The Treatise Of The Golden Lion

There is a story of a Chinese Buddhist monk called Fa-Tsang who was summoned to the Empress’s palace in 699 and asked to explain what it is that Buddhism teaches. In answering he used the figure of a golden lion that stood in the imperial hall in order to illustrate his metaphysical ideas. This therefore became known as the Treatise of the Golden Lion, the first sections of which go as follow:

  1. Clarification of Dependent Origination – Gold has no self-nature. Through the agency of a skilled craftsman there is at length the coming-into-being of this phenomenon of the lion. But since this coming-into-being is dependent, therefore it is called ‘dependent origination’.

  2. Distinction of Matter and Emptiness – The character [phenomenon] of the lion is empty [of substantial reality]; there is nothing but gold. The lion is not existent, but the substance of gold is not nonexistent. Therefore they are called separately Emptiness. Also, Emptiness, having no self-character and manifesting itself through matter, does not prevent illusory existence. Therefore they are separately called matter and Emptiness.

  3. Relation to Three Natures – the Yogachara School, whose philosophy influenced the Hua-yen, posited a triad of natures. The first of these is the world of phenomena, that which is “ubiquitously constructed and clung to”. The second nature is “dependent on something else,” that is, the product of causes and conditions. The third nature is “perfect.” It refers to the identity of everything with the Absolute. – The lion comes into existence because of our senses. This is called “ubiquitously constructed.” The golden lion has apparent existence. This is called “dependent on something else.” The nature of gold [of which the lion is made] is unaltered. This is called “roundly perfected.”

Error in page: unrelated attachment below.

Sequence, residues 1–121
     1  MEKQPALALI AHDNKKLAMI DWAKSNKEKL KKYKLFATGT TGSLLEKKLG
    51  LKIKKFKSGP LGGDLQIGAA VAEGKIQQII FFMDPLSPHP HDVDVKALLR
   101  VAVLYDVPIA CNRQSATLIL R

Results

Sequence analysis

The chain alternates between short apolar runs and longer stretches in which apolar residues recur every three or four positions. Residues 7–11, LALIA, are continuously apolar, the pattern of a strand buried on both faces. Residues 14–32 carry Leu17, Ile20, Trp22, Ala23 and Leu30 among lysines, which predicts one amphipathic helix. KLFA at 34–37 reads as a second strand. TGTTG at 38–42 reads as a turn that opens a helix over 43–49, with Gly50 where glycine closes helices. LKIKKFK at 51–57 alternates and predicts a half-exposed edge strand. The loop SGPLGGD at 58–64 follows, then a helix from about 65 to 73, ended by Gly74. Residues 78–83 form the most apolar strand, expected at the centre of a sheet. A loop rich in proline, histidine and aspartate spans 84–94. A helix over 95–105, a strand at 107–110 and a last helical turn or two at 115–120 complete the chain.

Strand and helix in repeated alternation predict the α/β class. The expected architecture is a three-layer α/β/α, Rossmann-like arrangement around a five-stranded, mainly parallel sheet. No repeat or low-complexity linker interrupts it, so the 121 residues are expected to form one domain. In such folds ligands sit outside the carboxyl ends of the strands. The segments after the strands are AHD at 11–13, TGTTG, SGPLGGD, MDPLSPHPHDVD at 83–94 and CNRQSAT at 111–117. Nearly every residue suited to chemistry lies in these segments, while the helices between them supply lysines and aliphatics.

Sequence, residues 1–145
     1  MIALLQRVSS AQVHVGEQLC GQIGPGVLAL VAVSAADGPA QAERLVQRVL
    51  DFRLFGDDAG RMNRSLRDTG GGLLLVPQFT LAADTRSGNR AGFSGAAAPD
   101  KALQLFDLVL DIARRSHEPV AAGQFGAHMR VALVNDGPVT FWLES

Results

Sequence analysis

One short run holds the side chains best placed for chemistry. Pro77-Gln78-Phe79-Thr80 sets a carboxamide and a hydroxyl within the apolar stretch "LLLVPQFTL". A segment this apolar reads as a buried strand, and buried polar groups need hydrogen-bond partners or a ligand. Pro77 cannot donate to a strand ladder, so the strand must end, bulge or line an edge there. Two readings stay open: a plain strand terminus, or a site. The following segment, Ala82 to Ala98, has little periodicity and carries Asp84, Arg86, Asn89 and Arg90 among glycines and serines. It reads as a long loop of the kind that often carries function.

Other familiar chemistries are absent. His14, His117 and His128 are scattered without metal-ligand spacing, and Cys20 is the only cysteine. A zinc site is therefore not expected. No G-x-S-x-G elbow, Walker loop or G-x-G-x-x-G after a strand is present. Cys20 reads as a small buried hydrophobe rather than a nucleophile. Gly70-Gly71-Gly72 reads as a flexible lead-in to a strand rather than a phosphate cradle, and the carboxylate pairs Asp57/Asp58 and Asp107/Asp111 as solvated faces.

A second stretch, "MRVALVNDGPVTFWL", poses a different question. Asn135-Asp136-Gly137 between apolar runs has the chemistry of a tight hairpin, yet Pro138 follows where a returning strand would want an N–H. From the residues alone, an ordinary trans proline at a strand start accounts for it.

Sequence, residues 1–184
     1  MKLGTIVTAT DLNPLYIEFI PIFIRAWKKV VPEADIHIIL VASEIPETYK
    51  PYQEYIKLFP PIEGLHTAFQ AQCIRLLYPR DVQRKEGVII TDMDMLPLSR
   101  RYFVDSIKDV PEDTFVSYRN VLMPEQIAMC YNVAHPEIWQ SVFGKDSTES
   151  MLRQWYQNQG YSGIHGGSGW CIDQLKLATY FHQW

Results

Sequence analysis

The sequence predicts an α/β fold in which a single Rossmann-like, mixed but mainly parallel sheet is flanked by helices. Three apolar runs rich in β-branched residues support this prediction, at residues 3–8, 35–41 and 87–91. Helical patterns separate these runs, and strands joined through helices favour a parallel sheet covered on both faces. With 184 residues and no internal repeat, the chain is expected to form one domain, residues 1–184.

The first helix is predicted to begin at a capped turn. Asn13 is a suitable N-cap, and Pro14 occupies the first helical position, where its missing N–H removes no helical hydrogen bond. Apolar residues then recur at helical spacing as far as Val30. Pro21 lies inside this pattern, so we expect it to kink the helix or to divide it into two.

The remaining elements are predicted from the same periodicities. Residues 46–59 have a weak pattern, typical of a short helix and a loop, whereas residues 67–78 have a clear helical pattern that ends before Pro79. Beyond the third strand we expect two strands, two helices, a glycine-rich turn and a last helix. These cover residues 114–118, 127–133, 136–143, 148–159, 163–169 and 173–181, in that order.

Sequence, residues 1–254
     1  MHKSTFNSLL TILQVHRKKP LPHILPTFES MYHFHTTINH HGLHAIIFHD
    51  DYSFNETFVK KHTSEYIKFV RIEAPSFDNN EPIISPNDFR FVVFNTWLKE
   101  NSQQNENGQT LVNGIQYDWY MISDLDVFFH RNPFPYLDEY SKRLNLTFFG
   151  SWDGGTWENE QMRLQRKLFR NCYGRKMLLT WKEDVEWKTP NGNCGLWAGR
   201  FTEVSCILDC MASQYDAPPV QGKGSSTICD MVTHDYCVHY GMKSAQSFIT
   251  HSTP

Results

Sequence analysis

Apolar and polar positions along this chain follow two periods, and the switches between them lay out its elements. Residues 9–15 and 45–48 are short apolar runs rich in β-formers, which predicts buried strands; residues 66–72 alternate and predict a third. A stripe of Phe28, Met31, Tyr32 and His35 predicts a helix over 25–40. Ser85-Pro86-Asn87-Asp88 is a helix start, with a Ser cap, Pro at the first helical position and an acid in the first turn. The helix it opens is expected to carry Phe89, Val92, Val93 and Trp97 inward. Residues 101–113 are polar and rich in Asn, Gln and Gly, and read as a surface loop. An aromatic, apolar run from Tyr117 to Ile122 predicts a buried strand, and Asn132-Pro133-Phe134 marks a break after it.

4. Manifestation of Characterlessness – Since the gold comprises the whole lion, and since there is no lion-character to be found apart from the gold, therefore it is called “characterlessness.”

  5. Explanation of Not-coming-into-being – If one rightly looks at the lion at the time of its coming into being, it is only gold that comes into being. Apart from the gold there is nothing. Although the lion has [the characteristics of] coming into being and extinction, the gold-substance at bottom neither increases nor decreases. Therefore we say that there is no coming-into-being.


From: Chin-shih-tzu chang, in Taisho daizokyo, XLV, 663-67